Analysis: What's behind all the changes in NASCAR?

NASCAR announced three new initiatives this week, which collectively sent tongues wagging on social media.

The first, on Wednesday, was to move back the start times of many of its 2017 daytime races 60 to 90 minutes to be closer to primetime.

Then on Thursday, the sanctioning body announced it was bringing back the low downforce package that already had been run twice successfully for next month's race at Michigan International Speedway.

In addition, NASCAR is instituting new rules that will be phased in to make the cars safer.

Predictably, the Interwebs blew up.

One guy when learning of the low-downforce package coming back tweeted, "I throw my hands up! I am just about to start finding another sport to care about."

A second said, "Trying to put the Chevys back up front i see....."

Then a third chimed in. "ha so doing this for 1 race equals trying to show@up the Toyotas lmao"

And a fourth: "so there will be 4 JGR Toyotas competing for the championship at Homestead. That'll put people in the stands."

So if I have this straight, there is one fan who thinks NASCAR is trying to help Chevrolet teams, another who thinks NASCAR is trying to show up the Toyota teams and another who believes that NASCAR is ensuring it will be an all-Toyota championship in the final race of the season.

Oh, yeah, and a fan about to give up on NASCAR because they have the temerity to do an additional test of a package that's been successful and well-liked by drivers the first two times it was run.

Accomplishing all those diametrically opposed goals with one rules change would be impossible. So let's debunk a couple of misconceptions right now.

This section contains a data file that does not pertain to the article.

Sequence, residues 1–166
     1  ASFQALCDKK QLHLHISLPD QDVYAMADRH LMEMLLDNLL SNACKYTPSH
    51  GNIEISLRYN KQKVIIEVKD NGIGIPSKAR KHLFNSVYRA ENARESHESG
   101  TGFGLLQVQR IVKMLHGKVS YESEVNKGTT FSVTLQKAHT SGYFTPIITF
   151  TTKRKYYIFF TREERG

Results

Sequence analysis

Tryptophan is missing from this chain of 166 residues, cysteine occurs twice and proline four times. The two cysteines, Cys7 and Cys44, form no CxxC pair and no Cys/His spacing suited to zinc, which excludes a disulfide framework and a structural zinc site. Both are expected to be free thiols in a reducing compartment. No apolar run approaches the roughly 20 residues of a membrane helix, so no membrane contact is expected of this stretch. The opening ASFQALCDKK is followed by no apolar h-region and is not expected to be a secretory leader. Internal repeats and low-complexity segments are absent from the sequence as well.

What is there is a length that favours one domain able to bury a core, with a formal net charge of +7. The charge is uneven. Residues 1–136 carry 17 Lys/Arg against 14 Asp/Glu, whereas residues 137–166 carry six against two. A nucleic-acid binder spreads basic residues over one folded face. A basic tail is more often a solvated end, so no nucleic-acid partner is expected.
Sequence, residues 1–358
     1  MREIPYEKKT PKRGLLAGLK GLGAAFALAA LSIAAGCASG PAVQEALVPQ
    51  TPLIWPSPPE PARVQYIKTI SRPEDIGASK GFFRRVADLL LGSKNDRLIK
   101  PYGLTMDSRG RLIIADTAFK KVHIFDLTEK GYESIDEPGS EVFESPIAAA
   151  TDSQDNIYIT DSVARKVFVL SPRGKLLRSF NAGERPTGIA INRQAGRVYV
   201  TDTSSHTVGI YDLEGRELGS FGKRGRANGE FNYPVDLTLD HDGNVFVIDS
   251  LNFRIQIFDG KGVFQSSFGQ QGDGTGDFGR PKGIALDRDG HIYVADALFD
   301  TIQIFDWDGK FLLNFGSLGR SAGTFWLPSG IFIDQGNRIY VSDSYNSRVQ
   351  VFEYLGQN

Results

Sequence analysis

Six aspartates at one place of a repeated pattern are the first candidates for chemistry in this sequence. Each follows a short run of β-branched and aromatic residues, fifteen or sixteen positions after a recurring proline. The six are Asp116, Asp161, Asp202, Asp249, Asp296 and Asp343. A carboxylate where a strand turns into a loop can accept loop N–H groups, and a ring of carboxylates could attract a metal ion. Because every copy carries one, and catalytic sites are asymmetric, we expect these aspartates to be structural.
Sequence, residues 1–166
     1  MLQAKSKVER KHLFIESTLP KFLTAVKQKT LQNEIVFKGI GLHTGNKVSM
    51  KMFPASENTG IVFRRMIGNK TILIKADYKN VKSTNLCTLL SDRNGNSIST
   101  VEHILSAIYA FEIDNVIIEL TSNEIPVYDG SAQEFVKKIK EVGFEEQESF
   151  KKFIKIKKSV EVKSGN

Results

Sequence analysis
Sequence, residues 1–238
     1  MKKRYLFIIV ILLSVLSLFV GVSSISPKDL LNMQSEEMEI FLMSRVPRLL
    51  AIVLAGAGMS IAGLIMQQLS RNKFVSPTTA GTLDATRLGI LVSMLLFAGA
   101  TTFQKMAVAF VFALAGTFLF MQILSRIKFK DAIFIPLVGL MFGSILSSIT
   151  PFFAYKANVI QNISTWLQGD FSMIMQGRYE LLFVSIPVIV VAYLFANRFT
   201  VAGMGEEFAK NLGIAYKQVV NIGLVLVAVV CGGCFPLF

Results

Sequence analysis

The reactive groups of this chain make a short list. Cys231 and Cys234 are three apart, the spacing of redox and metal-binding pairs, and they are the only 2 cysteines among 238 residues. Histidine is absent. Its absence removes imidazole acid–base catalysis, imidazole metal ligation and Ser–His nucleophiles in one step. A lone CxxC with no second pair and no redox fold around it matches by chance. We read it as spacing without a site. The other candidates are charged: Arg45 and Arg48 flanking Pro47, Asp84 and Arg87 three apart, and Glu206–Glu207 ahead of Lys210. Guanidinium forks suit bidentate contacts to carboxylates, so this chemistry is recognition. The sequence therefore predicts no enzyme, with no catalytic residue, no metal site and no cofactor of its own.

Here's the deal: None of the above changes is designed to help or hurt a particular manufacturer, team or driver.

NASCAR is trying to do three things, all of which are constant priorities: 1. Improve safety; 2. Improve the quality of racing; and 3. Grow the sport.

The safety changes -- beefing up the floorboard, driver's anti-intrusion plating, firewall and footbox areas -- will reduce the likelihood of serious driver injuries, which is something we all can agree is a good thing.

Running the low-downforce package at Michigan makes sense, because it's already been run with success there once already and the drivers like it. And since it will form the basis of the 2017 aero package, NASCAR wants another race to test it out.

Some fans are upset NASCAR isn't using it in the Chase, but in truth, the teams don't want to changeover for the final 10 races of the year. NASCAR polled the teams and drivers and the majority wanted to keep running the 2016 package in the Chase rather than make expensive changes mid-season. Fair enough.

But the motivation to keep the existing 2016 rules package for the Chase is most assuredly not to favor Joe Gibbs Racing or anyone else. It just isn't, no matter what some people want to believe.

As for moving the start times of races, NASCAR did it because they think it will increase viewership. Time will tell if they are correct, but I fervently believe they wouldn't do it unless they had empirical data that strongly suggested later start times would help bring more eyeballs to the sport.

After all, you don't make a change like that just for the hell of it.

So what does it all mean?

NASCAR is trying to make a better product, safer racing and get more fans to watch.

Those seem like reasonable goals from where I sit, no matter what I read on social media.